So what is Alexis Tsipras's strategy and can it work?
Firstly, his government wants to negotiate directly with European governments and not through EU officials. They are making their initial pitch to Paris and Rome, because they believe those governments are more sympathetic to Mr Tsipras's argument that austerity has been a disaster for Europe.
Berlin will be wary of any hints at concessions that undermine the existing bailout agreements.
Mr Tsipras will argue that Greece's debt levels at 175% of GDP are unsustainable. Although some European officials pretended otherwise, most of Europe's leaders knew that to be true. However, Athens will face significant resistance to any write-down of Greek debt. Angela Merkel has made it clear: "There has already been voluntary debt forgiveness by private creditors, banks have already slashed billions from Greece's debts".
The German voters also seem determined to resist any further concessions. 76% oppose any reduction in Greek debt. The Finns, the Dutch, the Spanish - to name just a few countries -are not open to writing off any Greek debt.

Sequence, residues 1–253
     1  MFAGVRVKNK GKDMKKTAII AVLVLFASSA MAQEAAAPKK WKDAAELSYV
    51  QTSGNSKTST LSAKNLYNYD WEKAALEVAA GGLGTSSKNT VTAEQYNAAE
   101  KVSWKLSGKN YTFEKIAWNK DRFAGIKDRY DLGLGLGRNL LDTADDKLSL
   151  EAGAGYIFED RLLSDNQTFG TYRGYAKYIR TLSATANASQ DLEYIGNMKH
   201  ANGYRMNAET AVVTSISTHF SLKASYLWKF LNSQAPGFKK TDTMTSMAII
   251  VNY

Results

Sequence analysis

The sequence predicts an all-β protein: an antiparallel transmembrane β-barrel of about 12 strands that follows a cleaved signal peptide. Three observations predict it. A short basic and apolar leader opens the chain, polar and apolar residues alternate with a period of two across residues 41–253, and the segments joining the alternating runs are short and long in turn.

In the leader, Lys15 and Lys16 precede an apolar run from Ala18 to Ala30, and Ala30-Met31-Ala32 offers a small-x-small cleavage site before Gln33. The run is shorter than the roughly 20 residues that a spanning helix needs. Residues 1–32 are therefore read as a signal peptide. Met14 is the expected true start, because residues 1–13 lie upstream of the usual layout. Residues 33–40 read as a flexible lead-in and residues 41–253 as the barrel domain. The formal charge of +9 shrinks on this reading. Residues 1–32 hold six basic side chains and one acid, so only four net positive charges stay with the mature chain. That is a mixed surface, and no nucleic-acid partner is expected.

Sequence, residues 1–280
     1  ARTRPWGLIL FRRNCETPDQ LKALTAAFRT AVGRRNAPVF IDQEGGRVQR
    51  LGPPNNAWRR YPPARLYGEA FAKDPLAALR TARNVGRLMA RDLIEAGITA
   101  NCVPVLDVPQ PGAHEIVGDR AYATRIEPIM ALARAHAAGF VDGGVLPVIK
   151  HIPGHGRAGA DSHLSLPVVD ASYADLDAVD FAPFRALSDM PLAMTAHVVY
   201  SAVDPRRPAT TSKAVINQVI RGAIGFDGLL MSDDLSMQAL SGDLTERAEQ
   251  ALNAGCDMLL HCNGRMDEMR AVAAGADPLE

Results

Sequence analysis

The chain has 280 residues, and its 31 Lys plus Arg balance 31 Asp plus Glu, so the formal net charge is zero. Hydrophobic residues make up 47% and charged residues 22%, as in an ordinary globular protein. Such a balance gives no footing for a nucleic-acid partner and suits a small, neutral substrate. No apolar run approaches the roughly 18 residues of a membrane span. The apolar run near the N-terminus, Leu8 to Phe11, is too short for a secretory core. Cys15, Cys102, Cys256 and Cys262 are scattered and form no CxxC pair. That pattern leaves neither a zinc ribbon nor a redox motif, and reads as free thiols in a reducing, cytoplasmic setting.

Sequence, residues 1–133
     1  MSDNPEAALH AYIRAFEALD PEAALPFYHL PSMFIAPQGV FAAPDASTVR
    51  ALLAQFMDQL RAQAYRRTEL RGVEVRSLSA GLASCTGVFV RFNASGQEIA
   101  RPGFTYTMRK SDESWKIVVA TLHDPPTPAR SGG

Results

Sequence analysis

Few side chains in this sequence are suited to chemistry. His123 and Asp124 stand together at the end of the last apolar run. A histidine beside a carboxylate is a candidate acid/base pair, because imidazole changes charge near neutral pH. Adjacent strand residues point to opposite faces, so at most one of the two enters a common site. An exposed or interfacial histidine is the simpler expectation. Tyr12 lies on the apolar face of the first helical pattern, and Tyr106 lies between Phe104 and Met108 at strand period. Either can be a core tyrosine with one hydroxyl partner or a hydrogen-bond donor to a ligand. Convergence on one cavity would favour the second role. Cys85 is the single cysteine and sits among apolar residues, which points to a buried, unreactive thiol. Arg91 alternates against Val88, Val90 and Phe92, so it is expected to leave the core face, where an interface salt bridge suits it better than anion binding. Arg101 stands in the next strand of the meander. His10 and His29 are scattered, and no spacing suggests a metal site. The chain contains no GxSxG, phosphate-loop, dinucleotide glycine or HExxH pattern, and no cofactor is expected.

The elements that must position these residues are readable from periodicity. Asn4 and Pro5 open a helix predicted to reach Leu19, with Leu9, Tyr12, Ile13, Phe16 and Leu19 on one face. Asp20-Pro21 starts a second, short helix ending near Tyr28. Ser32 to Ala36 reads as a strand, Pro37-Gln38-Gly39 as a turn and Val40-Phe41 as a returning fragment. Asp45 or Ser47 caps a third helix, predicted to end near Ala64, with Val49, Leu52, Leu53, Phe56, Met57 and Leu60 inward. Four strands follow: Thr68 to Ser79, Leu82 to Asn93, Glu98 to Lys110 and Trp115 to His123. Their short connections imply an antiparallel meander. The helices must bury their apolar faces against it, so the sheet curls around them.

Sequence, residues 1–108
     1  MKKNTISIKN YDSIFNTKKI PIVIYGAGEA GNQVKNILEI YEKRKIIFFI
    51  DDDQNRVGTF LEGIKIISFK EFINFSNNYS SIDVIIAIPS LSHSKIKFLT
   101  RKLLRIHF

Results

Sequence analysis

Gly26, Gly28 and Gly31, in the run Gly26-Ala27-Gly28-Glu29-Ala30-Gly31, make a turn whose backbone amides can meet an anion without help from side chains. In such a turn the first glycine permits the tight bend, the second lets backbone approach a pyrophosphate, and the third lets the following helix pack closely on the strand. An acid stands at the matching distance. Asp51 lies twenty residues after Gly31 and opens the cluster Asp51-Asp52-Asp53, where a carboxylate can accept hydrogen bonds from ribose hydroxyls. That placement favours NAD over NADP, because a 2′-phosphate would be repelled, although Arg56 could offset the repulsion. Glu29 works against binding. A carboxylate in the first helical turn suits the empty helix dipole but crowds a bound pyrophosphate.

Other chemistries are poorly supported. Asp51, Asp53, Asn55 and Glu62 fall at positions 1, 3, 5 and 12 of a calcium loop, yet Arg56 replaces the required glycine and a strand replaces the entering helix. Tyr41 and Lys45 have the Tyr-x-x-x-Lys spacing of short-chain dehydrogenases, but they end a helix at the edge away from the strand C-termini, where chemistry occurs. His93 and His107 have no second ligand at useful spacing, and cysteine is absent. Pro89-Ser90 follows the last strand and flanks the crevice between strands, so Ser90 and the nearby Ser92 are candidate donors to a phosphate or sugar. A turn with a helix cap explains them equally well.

The best that Athens could expect would be for its existing bailout agreement to be extended. There might also be a willingness to push back the maturity of some of its debt and perhaps to tie debt repayments more closely to growth.
All of that would lower the cost to Greece, but Germany would only consider these steps if the new government sticks to the reforms agreed under the existing bailout programme.
And that goes to the heart of why this will be such a complex negotiation. Syriza came to power in Greece by saying that the bailout conditions had broken the Greek economy and caused a humanitarian crisis.
Already the new finance minister has stopped the privatisation of two ports and is moving to increase the minimum wage and rehire some public sector workers. If all the new government's plans are implemented, they would amount to a 13.5 billion euro stimulus programme and that would clearly breach the existing bailout agreement.
'Elections change nothing'
The head of the group which manages the eurozone, Jeroen Dijsselbloem, has warned "taking unilateral steps or ignoring previous arrangements is not the way forward".
Alexis Tsipras believes the existing deal is a disaster and says he has a democratic mandate to demand changes. And this exposes democracy's limits within the European Union. The German finance minister Wolfgang Schaeuble says: "Elections change nothing. There are rules".